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Religious Cycles: Tradition, Modernity, And The Bahá’í Faith

Nov 10, 2019

In this talk, Mikhail Sergeev offers a new interpretation of the Soviet period of Russian history as a phase within the religious evolution of humankind by developing a theory of religious cycles, which he applies to modernity and to all the major world faiths of Judaism, Buddhism, Christianity, and Islam. Sergeev argues that, in the course of its evolution, religion passes through six common phases – formative, orthodox, classical, reformist, critical, and post-critical. Modernity, which was started by the European Enlightenment, represents the critical phase of Christianity, a systemic crisis that could be overcome with the appearance of a new religious movement such as the Bahá’í Faith, which offers a spiritual extension of the modern worldview.

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Mikhail Yu. Sergeev, PhD

WI Department Co-Chair (Religion, Theology, and Philosophy)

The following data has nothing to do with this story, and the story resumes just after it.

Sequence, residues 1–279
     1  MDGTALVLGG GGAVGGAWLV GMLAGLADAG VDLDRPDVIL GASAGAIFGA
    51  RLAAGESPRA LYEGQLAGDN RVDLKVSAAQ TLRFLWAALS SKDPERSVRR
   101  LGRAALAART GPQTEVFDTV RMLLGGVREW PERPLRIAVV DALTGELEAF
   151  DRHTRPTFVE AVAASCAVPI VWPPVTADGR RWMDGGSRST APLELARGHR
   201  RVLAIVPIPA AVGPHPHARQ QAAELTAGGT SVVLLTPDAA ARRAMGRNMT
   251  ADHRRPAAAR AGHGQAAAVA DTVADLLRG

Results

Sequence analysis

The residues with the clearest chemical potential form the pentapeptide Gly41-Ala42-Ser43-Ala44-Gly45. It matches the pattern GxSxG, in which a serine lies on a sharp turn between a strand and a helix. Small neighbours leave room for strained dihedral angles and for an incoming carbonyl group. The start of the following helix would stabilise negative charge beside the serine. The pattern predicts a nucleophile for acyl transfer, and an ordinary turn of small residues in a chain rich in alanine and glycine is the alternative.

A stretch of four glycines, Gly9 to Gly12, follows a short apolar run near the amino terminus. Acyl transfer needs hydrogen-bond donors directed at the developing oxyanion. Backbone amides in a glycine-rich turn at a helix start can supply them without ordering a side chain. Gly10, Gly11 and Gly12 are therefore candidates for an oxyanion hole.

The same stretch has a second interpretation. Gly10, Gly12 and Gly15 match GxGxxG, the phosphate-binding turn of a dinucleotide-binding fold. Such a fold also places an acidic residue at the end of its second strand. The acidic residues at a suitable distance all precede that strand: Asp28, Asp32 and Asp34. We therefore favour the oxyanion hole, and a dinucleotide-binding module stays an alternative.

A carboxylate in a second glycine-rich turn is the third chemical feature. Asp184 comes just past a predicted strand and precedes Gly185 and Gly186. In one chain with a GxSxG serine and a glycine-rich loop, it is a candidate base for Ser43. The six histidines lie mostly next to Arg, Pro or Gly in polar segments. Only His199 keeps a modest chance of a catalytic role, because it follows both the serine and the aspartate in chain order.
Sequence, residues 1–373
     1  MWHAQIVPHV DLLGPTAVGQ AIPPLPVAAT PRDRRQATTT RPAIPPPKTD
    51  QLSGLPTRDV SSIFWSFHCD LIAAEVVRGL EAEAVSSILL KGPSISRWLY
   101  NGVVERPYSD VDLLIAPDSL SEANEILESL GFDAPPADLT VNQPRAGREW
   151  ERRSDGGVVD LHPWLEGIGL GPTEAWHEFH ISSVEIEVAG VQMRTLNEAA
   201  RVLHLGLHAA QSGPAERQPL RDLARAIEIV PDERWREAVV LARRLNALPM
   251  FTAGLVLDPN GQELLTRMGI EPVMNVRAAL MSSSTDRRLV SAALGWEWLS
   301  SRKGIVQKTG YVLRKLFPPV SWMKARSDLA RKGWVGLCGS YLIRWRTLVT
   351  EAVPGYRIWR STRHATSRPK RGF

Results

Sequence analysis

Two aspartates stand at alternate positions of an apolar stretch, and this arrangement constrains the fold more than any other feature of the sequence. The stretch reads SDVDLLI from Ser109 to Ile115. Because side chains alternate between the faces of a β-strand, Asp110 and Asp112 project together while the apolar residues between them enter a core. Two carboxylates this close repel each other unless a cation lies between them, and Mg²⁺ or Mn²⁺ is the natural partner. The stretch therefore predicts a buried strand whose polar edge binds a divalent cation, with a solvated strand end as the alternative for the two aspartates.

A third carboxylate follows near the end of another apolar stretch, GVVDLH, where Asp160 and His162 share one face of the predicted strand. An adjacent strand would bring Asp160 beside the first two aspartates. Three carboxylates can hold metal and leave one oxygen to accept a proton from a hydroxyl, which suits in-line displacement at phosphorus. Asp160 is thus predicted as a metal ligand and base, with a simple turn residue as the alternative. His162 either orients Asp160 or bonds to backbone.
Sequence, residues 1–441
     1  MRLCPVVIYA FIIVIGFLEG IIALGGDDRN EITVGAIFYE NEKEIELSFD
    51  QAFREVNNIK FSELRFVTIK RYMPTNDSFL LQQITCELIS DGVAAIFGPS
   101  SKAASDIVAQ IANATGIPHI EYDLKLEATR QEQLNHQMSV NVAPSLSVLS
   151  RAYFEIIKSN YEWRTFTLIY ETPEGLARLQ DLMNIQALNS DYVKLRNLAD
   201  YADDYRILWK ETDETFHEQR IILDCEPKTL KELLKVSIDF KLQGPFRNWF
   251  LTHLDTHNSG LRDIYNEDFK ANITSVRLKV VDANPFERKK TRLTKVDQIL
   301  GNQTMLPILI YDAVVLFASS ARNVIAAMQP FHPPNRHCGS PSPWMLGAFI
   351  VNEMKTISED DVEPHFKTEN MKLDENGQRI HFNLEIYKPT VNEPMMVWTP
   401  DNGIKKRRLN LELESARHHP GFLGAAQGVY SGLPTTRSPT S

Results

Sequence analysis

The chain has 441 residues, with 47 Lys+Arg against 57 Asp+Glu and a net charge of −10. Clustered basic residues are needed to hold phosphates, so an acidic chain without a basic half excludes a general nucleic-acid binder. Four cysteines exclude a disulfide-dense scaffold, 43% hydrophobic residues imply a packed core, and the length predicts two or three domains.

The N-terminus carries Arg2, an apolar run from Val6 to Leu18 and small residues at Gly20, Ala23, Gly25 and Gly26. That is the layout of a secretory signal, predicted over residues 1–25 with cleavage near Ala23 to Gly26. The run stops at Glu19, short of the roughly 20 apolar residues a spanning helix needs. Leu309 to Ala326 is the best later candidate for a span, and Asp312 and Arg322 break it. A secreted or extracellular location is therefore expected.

I have been researching and teaching the Bahá’í Faith for quarter of a century. I came to know about the Faith in the early 1990s when I arrived in the United States for my graduate studies in religion at Temple University in Philadelphia. After completing my doctoral program, I started teaching at the University of the Arts, also in Philadelphia, where I incorporated introductory lectures about Bahá’í history and teachings into various courses in religion, including World religions; Religion, art, and the apocalypse; Afterlife; and Holy war. Between 1994 and 2015 I delivered eleven scholarly presentations on various Bahá’í philosophical and religious topics at the regional and national American Academy of Religion conferences as well as the meetings of the Association of Bahá’í Studies (North America). In those years I have also published several articles and YouTube video lectures on various aspects of Bahá’í religion and philosophy in Russian and English languages as well as two books, including a monograph Theory of Religious Cycles: Tradition, Modernity and the Bahá’í Faith (Brill, 2015). I am the founding editor of Studies in Bahá’í Philosophy (2012 – 2015), the first scholarly journal in this field of study. I am also the founder and moderator of the Facebook group under the same title, which now has 596 members. Since 2016 I have taught courses on Bahá’í philosophy and theology for the Wilmette Institute. In 2017 I was appointed Chair of its department of religion, theology, and philosophy (co-chair since 2019).See Faculty Bio

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